2022FCRA

Written By ESR News Blog Editor Thomas Ahearn

On May 5, 2022, the Consumer Financial Protection Bureau (CFPB) and the Federal Trade Commission (FTC) – two U.S. government agencies that enforce the federal Fair Credit Reporting Act (FCRA) – filed an amicus brief in a class action lawsuit that argued the FCRA does not distinguish between “factual” and “legal” accuracy.

In the case of Sessa v. Trans Union, LLC, a consumer sued TransUnion, one of three nationwide credit reporting companies, for allegedly violating the FCRA after reporting on a consumer’s credit report that she owed nearly $20,000 on a car lease that she actually did not owe under the plain terms of her lease.

The FCRA imposes various requirements that consumer reporting agencies (CRAs) must follow when they compile and disseminate consumer reports about individuals. Section 1681e(b) of the FCRA requires CRAs to “follow reasonable procedures to assure maximum possible accuracy” of consumer reports.

The plaintiff consumer claimed that defendant TransUnion violated the FCRA by failing to have reasonable procedures to assure the information on her report was accurate. However, TransUnion argued that it could not be responsible for failing to do its duty under the FCRA because the error was “legal” rather than “factual.”

A U.S. district court dismissed the complaint. “The district court held that the information in a consumer report is accurate (and therefore plaintiff did not show this element of section 1681e(b) liability) so long as any inaccuracies can be characterized as ‘legal’ rather than ‘factual’ in nature,” the amicus brief noted.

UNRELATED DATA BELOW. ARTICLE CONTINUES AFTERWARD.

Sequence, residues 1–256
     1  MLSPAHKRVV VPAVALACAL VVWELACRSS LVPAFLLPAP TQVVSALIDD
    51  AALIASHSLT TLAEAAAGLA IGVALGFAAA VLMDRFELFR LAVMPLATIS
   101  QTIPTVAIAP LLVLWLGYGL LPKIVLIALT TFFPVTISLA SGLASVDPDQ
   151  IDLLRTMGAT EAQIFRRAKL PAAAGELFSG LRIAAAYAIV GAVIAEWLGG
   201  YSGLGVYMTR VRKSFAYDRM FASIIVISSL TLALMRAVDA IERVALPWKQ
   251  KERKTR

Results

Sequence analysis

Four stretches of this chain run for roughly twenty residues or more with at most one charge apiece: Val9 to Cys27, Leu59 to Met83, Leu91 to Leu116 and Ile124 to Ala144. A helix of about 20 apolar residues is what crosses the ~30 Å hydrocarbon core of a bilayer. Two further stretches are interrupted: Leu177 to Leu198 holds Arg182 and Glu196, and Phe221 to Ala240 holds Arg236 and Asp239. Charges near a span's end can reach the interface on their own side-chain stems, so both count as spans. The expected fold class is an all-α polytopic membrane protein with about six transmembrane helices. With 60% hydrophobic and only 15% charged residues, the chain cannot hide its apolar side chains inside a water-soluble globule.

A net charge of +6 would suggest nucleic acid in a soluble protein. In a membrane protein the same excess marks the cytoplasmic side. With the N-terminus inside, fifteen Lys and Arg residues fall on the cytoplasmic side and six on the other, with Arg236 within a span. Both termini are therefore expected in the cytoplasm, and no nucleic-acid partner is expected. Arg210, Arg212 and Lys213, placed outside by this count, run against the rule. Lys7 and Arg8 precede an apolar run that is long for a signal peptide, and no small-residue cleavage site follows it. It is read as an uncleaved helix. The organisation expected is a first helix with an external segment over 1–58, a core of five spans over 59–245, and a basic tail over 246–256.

“The district court adopted an exceedingly narrow view of what constitutes an inaccuracy for purposes of the FCRA. Specifically, it held ‘that accuracy with respect to FCRA claims applies to factual but not legal accuracy.’ The factual/legal distinction undergirding the district court’s holding finds no support in the text of the statute.”

The brief filed by the CFPB and FTC pointed out that the “FCRA does not contain an exception for ‘legal’ inaccuracies. Rather, the FCRA commands credit reporting companies to ‘follow reasonable procedures to assure maximum possible accuracy,’” according to a CFPB blog about accuracy obligations in consumer reports.

“While TransUnion argues that the inaccuracy on the consumer’s credit report was based on a legal dispute, the error was simple and straightforward: TransUnion reported that the consumer owed money that she clearly did not,” the blog stated. The case is currently pending before the U.S. Court of Appeals for the Second Circuit.

The FCRA 15 U.S.C § 1681 was enacted by Congress in 1970 to promote the accuracy, fairness, and privacy of consumer information contained in the files of consumer reporting agencies, and to protect consumers from the willful and/or negligent inclusion of inaccurate information in their consumer reports.

Employment Screening Resources (ESR) – a service offering of ClearStar, a leading provider of background, drug, and medical screening – offers background screening services that comply with federal FCRA, state, and local laws that regulate background checks in the United States. To learn more, contact ESR today.

NOTE: Employment Screening Resources (ESR) – a service offering of ClearStar – reminds readers that allegations made in class action lawsuits are not proof a business or individual violated any law, rule, or regulation since they are in the pleading stage with no factual adjudications yet.

NOTE: Employment Screening Resources (ESR) – a service offering of ClearStar – does not provide or offer legal services or legal advice of any kind or nature. Any information on this website is for educational purposes only.

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